2009-07-12
Technical Paper
2009-01-2405
Thomas O. Leimkuehler, Aaron Powers, Chris Linrud, Chad Bower, Grant Bue
A phase change material (PCM) heat sink using super cooled ice as a non-toxic, non-flammable PCM is being developed for use in a portable life support system (PLSS). The latent heat of fusion for water is approximately 70% larger than most paraffin waxes, which can provide significant mass savings. Further mass reduction is accomplished by super cooling the ice significantly below its freezing temperature for additional sensible heat storage. Expansion and contraction of the water as it freezes and melts is accommodated with the use of flexible bag and foam materials. A demonstrator unit has been designed, built, and tested to demonstrate proof of concept. Both testing and modeling results are presented.
2009-07-12
Technical Paper
2009-01-2464
B. F. Zaretskiy, L. I. Gavrilov, E. A. Kurmazenko
Interplanetary manned missions will change significantly the requirements imposed upon Life Support Systems (LSS) and specifically the requirements on LSS Automated Control Systems (ACS). During interplanetary manned missions the possibilities to control the operation of a specific system from the Ground Mission Control Center (GMCC) are diminished considerably. Therefore, this demands survivability and intelligent level enhancement LSS ACS.
2009-07-12
Technical Paper
2009-01-2457
John F. Lewis, Richard A. Barido, Robyn Carrasquillo, Cynthia D. Cross, Ed Rains, George C. Tuan
The Crew Exploration Vehicle (CEV) is the first crew transport vehicle to be developed by the National Aeronautics and Space Administration (NASA) in the last thirty years. The CEV is being developed to transport the crew safely from the Earth to the International Space Station and then later, from the Earth to the Moon . This year, the vehicle continued to go through design refinements to reduce weight, meet requirements, and operate reliably while preparing for Preliminary Design Review in the summer of 2009. The design of the Orion Environmental Control and Life Support (ECLS) system, which includes the life support and active thermal control systems, is progressing through the design stage. This paper covers the Orion ECLS development from April 2008 to April 2009.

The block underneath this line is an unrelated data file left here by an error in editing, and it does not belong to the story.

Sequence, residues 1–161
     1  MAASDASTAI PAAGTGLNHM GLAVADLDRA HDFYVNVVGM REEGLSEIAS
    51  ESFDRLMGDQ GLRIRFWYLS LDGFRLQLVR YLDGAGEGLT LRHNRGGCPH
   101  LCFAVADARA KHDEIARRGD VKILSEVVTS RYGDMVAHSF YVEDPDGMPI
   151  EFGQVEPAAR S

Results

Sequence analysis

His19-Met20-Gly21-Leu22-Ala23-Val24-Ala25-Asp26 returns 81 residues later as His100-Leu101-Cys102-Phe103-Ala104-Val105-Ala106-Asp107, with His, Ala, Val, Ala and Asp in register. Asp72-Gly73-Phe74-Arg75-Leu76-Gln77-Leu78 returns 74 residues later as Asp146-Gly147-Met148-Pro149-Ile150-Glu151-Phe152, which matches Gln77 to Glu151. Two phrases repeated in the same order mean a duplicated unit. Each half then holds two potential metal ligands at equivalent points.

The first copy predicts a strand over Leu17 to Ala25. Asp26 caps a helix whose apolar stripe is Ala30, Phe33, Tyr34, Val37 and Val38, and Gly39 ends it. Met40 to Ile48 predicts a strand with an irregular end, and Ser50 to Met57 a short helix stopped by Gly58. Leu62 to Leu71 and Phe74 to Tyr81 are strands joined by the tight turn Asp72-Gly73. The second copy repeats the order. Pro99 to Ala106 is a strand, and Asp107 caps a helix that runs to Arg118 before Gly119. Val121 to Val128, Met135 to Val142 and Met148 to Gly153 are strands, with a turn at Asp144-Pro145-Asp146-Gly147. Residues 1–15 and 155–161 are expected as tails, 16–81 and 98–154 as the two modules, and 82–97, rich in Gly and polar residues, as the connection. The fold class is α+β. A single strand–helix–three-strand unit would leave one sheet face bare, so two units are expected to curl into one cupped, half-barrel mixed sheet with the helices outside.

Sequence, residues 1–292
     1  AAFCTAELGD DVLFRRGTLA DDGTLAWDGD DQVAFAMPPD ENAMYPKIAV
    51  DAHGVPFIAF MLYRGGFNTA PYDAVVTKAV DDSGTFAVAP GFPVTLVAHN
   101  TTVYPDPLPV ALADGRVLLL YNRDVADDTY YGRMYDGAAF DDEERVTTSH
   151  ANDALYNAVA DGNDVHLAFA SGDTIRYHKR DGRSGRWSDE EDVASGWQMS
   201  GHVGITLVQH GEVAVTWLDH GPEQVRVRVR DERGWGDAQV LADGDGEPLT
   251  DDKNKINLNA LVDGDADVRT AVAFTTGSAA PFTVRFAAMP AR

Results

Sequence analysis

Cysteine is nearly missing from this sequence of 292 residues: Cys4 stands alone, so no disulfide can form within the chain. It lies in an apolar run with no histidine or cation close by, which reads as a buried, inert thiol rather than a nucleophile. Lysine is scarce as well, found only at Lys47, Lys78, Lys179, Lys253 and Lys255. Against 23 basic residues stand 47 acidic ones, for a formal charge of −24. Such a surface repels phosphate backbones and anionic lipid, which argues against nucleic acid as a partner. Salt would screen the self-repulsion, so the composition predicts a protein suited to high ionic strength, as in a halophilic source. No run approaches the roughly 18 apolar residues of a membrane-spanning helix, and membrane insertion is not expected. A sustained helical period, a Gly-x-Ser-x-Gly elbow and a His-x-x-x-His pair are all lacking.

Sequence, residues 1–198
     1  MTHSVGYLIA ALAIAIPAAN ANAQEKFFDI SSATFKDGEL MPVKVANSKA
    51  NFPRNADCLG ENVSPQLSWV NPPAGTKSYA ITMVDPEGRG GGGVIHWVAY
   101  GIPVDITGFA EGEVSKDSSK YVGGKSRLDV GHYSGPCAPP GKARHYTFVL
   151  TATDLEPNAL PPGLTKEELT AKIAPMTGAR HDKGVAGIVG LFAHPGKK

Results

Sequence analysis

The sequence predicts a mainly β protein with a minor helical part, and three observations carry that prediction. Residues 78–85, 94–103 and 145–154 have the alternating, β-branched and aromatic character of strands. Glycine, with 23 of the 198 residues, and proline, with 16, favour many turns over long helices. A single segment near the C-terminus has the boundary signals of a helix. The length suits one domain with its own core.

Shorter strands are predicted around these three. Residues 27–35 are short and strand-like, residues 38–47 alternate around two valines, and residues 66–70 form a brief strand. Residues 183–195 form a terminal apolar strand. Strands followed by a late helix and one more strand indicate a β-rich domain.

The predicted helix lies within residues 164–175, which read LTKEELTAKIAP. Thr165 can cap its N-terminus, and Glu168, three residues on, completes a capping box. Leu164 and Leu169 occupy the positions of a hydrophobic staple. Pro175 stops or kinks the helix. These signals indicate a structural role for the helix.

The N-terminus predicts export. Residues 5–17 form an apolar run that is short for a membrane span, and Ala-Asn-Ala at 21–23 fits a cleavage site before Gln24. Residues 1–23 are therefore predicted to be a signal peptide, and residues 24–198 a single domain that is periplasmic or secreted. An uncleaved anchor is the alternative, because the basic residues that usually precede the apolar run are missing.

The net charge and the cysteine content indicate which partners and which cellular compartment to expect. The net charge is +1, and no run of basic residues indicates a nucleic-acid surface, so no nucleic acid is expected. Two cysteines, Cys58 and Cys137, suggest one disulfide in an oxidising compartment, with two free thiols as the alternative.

2009-07-12
Journal Article
2009-01-2445
Lee A. Miller, James C. Knox
The design and evaluation of a Vacuum-Swing Adsorption (VSA) system to remove metabolic water and metabolic carbon dioxide from a spacecraft atmosphere is presented. The approach for Orion and Altair is a VSA system that removes not only 100 percent of the metabolic CO2 from the atmosphere, but also 100% of the metabolic water as well, a technology approach that has not been used in previous spacecraft life support systems. The design and development of an Orion Crew Exploration Vehicle Sorbent Based Atmosphere Revitalization system, including test articles, a facility test stand, and full-scale testing in late 2008 and early 2009 is discussed.
2009-07-12
Technical Paper
2009-01-2506
Klaus Bockstahler, Helmut Funke, Joachim Lucas, Johannes Witt, Scott Hovland
1 ABSTRACT The Closed-Loop Air REvitalisation System ARES is a regenerative life support system for closed habitats. With regenerative processes the ARES covers the life support functions: 1. Removal of carbon dioxide from the spacecraft atmosphere via a regenerative adsorption/desorption process, 2. Supply of breathable oxygen via electrolysis of water, 3. Catalytic conversion of carbon dioxide with hydrogen to water and methane. ARES will be accommodated in a double ISPR Rack which will contain all main and support functions like power and data handling and process water management. It is foreseen to be installed onboard the International Space Station (ISS) in the Columbus Module in 2013. After an initial technology demonstration phase ARES shall continue to operate thus enhancing the capabilities of the ISS Life Support System as acknowledged by NASA [5]. Due to its regenerative processes ARES will allow a significant reduction of water upload to the ISS.
2009-07-12
Technical Paper
2009-01-2505
Syed-Ali A. Husain, David L. Akin
The Terrapin Undergraduate Rover for Terrestrial Lunar Exploration (TURTLE) system was developed as part of a senior design course at the University of Maryland; it has since become a test bed for habitability and life support studies. The design requirements for the project dictated a 2,500 kg pressurized lunar rover to sustain two crew members for eight days with a range of 100 km. Part of the design effort included a full-scale mock-up populated with volumetric representations of interior elements. This research proposes a solution to the life support requirements for spacecraft as well as design requirements for other habitat elements. An analysis of relevant technologies and their application to small rovers is presented. Habitability issues (with respect to interior layout of life support hardware) are also considered. Testing was done with the full-scale TURTLE mockup to determine suitable configuration of life support equipment.